It’s a democratic right. The Scottish people have spoken. And the will of the electorate shouldn’t be ignored by a Government in Westminster they didn’t vote for.
Over the next year we will hear an endless series of arguments from the Scottish Nationalists about why there should be a replay of the 2014 referendum on breaking away from the United Kingdom. And we will hear just as much from the Johnson government about how there’s no mandate, it isn’t necessary, and there are more important things to worry about.
The argument looks set to run and run, while investment and confidence will drain out of a country with an uncertain future.
But hold on – there is a simple way out of the impasse. Westminster and Edinburgh should strike a deal. The SNP could have its referendum, but only if the party signs up to a separation that is fair to the rest of Britain.
Such as? It will take on its share of the national debt; it will have no say in the UK’s single market; it can use sterling but will have no role in its management; all subsidies will come to an immediate end; and all UK assets would belong to the UK government.
Stripped of the spin from the Nationalists, there could then be a fair vote, on realistic terms – and the matter would be settled once and for all.
With our departure from the European Union completed, and with a pandemic to recover from, most of us could be forgiven for thinking yet another round of constitutional arguments were the last thing anyone needed right now. But, hey, here’s Nicola Sturgeon to tell us differently.
Re-elected last week, and only just short of an overall majority in the Scottish Parliament, the First Minister is already claiming she has a mandate for a IndyRef2 as it is known.
Sure, Boris Johnson can refuse that. It is a matter for Westminster, not Edinburgh. And yet if he does, the sense of grievance will only grow. And the SNP’s “neverendum” campaign will undermine confidence in what has traditionally been one of the more prosperous parts of the UK.
Will companies want to invest in a country where they don’t know what currency they will be using, what markets they will have access to and where the shock of losing UK subsidies threatens a deflationary spiral that would make the Greek collapse of the 2010s look like a mild downturn by comparison?
It doesn’t sound very likely. The result? Scotland will relentlessly underperform, dragging down the whole of the country.
In fact, the key to ending the impasse is to do a deal with the SNP. Scotland can have a vote if the party accepts what a settlement will look like in the event of separation. Instead of magically pretending that it can still use sterling, that the Bank of England will still support its banks, and that there will be no hard border, it would have to accept that there will be consequences to splitting up the Union. Like what?
Here are three principles that should be at the heart of a deal.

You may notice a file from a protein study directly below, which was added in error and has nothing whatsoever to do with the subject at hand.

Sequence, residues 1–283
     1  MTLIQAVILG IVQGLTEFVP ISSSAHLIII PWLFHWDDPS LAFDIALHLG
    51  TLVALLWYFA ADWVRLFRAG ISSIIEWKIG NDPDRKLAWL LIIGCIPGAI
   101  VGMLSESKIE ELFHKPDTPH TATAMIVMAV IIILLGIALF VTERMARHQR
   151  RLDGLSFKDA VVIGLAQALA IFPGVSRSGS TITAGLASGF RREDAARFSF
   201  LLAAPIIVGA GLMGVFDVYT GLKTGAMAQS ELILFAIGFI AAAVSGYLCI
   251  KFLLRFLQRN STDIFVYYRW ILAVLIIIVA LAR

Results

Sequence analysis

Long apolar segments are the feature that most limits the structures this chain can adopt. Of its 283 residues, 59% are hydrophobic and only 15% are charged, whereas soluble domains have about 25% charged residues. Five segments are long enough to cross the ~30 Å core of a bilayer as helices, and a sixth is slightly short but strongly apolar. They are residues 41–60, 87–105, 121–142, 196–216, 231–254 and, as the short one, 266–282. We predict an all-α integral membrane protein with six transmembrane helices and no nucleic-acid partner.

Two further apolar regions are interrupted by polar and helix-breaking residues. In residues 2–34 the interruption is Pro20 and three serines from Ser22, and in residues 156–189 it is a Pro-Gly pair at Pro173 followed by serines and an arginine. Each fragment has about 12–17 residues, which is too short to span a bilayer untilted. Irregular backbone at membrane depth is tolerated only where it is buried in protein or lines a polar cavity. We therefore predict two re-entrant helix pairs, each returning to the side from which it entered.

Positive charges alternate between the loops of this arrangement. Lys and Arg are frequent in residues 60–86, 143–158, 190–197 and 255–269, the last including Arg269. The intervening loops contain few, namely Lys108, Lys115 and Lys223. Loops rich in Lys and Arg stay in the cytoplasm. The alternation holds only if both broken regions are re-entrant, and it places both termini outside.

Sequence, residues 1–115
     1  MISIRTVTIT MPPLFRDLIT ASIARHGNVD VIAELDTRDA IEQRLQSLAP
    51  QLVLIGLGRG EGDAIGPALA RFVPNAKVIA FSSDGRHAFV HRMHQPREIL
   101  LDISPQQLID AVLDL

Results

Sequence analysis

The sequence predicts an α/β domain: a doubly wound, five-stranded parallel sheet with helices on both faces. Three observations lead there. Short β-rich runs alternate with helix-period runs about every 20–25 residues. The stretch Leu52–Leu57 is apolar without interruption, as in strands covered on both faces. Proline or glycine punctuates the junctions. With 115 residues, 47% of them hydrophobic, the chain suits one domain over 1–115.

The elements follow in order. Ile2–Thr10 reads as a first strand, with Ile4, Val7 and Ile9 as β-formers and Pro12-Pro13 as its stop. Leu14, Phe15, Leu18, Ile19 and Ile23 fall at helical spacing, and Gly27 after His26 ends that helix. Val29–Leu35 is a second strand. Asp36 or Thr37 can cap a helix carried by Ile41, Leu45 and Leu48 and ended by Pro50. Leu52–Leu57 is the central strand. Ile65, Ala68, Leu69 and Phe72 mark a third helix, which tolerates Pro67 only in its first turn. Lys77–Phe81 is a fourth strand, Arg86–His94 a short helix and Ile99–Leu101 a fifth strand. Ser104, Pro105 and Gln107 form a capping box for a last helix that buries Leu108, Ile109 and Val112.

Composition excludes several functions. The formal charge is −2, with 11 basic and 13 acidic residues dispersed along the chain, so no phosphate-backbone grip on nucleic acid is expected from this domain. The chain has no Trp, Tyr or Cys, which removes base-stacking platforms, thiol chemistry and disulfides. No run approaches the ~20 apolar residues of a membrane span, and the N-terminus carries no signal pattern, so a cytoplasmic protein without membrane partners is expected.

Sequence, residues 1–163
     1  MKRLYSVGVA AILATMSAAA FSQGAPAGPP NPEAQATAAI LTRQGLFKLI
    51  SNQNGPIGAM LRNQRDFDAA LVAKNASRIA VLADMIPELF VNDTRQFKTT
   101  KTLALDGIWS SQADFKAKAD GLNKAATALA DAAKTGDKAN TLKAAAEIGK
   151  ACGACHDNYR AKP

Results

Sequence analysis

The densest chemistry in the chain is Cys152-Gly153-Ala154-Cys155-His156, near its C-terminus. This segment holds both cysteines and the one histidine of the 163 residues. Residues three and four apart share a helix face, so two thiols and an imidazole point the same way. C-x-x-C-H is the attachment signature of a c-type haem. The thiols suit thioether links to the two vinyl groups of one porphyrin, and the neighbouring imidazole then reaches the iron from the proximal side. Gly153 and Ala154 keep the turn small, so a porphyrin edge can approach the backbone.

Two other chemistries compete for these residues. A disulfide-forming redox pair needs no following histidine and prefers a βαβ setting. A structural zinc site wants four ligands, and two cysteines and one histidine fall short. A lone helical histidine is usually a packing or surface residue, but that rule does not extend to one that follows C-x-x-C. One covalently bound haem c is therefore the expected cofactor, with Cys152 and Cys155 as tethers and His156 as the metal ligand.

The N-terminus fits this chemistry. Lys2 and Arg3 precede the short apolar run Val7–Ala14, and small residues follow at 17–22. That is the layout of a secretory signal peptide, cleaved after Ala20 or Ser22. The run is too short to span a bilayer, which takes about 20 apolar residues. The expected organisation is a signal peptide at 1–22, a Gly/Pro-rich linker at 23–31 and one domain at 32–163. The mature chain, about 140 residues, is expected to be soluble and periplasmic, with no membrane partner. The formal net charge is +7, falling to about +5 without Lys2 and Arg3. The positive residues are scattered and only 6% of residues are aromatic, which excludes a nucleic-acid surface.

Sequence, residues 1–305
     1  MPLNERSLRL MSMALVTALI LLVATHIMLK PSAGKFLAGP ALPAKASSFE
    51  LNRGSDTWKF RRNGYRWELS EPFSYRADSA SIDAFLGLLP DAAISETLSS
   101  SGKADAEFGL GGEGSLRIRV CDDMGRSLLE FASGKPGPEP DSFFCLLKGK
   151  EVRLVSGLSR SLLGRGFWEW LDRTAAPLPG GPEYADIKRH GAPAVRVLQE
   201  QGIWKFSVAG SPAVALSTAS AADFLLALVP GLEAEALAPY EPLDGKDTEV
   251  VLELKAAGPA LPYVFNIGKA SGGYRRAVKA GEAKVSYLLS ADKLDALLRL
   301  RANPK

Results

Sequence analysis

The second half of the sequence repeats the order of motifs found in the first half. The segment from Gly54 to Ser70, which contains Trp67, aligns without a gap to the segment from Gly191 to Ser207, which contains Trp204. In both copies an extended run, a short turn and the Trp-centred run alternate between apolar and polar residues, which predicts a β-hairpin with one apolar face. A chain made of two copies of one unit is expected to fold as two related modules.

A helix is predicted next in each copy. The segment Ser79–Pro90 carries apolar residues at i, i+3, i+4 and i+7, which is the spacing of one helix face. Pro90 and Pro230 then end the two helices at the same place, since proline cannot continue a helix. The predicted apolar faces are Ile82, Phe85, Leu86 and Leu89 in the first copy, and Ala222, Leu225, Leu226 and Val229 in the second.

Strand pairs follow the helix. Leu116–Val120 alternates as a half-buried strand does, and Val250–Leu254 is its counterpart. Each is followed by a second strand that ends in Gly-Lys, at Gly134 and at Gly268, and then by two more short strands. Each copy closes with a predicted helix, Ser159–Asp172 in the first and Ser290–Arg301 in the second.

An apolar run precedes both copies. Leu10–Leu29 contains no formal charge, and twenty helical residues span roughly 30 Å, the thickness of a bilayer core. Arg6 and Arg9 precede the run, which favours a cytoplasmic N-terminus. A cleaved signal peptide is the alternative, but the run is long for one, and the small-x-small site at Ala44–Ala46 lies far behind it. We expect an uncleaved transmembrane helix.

First, debt. Scotland should agree to take on a share of the UK’s total outstanding national debt, including state and public sector pensions which are often conveniently hidden from the calculations, on a per capita basis. It would also have to take onto its own account all the gilts held by the Bank of England.
Some of those numbers might be a little scary – the Institute for Fiscal Studies recently calculated Scotland’s deficit could hit 24pc of GDP – but there it is. The UK should also have security over Scottish government assets, in the event of a default – hardly impossible given the scale of its deficits.
Next, the currency. The SNP would have to stop pretending it could simply use the pound as before. An independent Scotland could, of course, join the euro, or launch its own currency, or shadow sterling.
But it couldn’t expect to have any joint management over the Bank of England (there’s a clue in the name), nor could it expect to have any form of quantitative easing in sterling to meet its budget deficits. Financially, it would be part of the eurozone, or on its own.
Finally, markets. Scotland could join the EU, in which case it would have to accept a hard border with the rest of the UK, complete with customs checks. Or else it could join the UK’s single market, but with no say in its rule-making.
Or, alternatively, it could do neither, and make its own way in the global market, as many small economies do perfectly successfully. But it couldn’t pretend that it could have access to both the UK and the EU’s single markets, or that it could magic away the barriers to trade that independence would create.
Brexit has already shown that doesn’t work. On top of that, Scotland would have to agree that all subsidies from the UK would come to an immediate end and that all UK assets outside Scotland would remain the property of the rest of the country.
As Michel Barnier – who, come to think of it, might make an excellent negotiator for Westminster, especially given that he seems to be at a loose end – pointed out endlessly during our departure from the EU, the UK couldn’t cherry-pick which bits of membership it wanted, nor could it expect to get a better deal outside that Union than it enjoyed as a member.
The same is true of Scotland if it chooses to leave the UK. If the SNP is willing to concede those points, then there could be a referendum.
The Scottish people could make a realistic choice, stripped of the illusions spun by the Nationalists. And a vote might finally be held that would put the whole argument to rest – this time for a couple of generations at least.